Unicia R. Buster

 
Image of Unicia holding her handmade quilt (featuring colorful imagery of a woman and lion) against a blue backdrop. Photography by Sarah Der Photography.
 
 
 

Unicia R. Buster

@unicia
Uniciab.wixsite.com/artwork

Unicia identifies herself as a textile artist, graphic designer, and illustrator. She is the self-published author of Coloring Curls, Coloring Curls 2, Finding Your Picasso, and U.N.I.C.I.A.: The Unique, Natural, Idealistic, Celebrated, Illustrious Art of African-American Hair.

Image of Unicia R. Buster’s handmade doll with purple hair and spectacles.

What spurred the creation of Coloring Curls?

In summer 2015, Noah Scalin’s Skull-A-Day gave me the idea to start an afro-a-day project. His idea is to expand one’s creativity by crafting something daily, utilizing everyday materials. Through this process, the coloring book concept emerged.

At that time, I was an art specialist at Virginia Commonwealth University Hospital and noticed that while my patients were ethnically diverse, the coloring books distributed for rehabilitation, recovery, stress and anxiety betterment were not. So, I made coloring pages representative of them. They loved them, and [the book] eventually found its way to Amazon.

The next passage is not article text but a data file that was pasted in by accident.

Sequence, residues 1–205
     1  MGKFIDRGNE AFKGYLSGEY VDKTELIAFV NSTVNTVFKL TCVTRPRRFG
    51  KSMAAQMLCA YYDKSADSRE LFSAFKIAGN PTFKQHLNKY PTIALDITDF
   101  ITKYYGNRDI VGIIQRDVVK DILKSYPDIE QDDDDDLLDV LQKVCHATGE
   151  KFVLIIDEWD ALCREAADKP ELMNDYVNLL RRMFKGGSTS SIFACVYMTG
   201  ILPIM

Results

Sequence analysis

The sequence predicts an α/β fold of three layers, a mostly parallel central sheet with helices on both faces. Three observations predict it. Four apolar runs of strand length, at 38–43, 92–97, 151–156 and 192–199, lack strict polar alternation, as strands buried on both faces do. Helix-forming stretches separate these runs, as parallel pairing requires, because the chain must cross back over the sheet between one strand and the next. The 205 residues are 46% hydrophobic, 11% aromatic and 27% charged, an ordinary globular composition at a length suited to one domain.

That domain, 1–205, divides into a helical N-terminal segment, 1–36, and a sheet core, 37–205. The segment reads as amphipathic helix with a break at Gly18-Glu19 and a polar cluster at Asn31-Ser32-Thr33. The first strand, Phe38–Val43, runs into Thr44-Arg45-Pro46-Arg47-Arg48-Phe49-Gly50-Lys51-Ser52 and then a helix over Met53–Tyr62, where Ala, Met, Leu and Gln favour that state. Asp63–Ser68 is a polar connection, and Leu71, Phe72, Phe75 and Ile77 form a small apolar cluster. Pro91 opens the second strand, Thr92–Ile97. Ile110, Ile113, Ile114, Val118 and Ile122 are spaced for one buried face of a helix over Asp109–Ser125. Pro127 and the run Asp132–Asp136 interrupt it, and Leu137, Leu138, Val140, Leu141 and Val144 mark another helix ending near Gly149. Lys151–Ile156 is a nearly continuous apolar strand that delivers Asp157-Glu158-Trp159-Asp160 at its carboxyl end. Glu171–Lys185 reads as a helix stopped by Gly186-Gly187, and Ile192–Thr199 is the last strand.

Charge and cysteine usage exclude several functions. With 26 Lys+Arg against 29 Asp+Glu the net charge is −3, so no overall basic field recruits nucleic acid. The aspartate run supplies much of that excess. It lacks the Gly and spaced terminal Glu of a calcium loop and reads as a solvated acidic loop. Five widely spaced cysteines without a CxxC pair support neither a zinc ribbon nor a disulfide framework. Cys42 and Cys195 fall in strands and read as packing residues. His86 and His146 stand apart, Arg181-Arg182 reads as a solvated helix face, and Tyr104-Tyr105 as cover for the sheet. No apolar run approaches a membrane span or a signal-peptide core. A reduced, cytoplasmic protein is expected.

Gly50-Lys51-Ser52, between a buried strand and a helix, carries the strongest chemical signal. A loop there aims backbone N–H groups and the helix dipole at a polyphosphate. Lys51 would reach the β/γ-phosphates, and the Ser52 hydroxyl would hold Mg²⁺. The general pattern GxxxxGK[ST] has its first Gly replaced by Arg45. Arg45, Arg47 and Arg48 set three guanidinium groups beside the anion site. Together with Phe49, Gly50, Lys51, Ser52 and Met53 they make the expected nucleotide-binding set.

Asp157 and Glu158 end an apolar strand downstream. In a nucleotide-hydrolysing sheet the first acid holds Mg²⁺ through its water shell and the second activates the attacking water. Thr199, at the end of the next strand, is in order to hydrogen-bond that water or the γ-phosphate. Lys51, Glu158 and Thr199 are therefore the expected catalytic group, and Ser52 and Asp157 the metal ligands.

What inspires you to make?

Every person that I meet. The majority of my work has people in it. I categorize myself as a people artist. I capture personalities, characteristics, and traits.

Image of Unicia braiding sewing a dolls hair into the scalp. Unicia face is not featured, only her hands and lower torso. Unicia is wearing denim and seating on an orange chair.
Portrait photography of Unicia.

Why is hair a frequent motif in your work?

Hair is my thing. Growing up, I always had issues with my hair. In my community, we were essentially shamed into chemically and physically straightening it. Natural hair, especially more coarse textures, was deemed less desirable, unclean, and unkempt. The [physically] damaging effects [of over-processed hair] led me to embrace my natural hair, initially with braids. However, I was told to take them out for my high school graduation. My voluminous hair did not fit under the graduation cap. It was a struggle. I went natural, but in the 1990’s, that was not the norm.

In my drawing, photography, and dolls, I started exploring hair and comparing its texture to earthy elements like wool, beans, flowers, bamboo, etc. I want hair to be associated with nature. African American hair is just as beautiful as anything else. I want women to be comfortable with themselves regardless of how they choose to style [their hair].


Outside of the Lines

interview excerpt Ja’Nai Tellis Frederick

photography Sarah Der

design Sarah Culclasure

illustration Raven Smith, Sarah Culclasure, and Sarah Der

Read the full interview in Vol. 3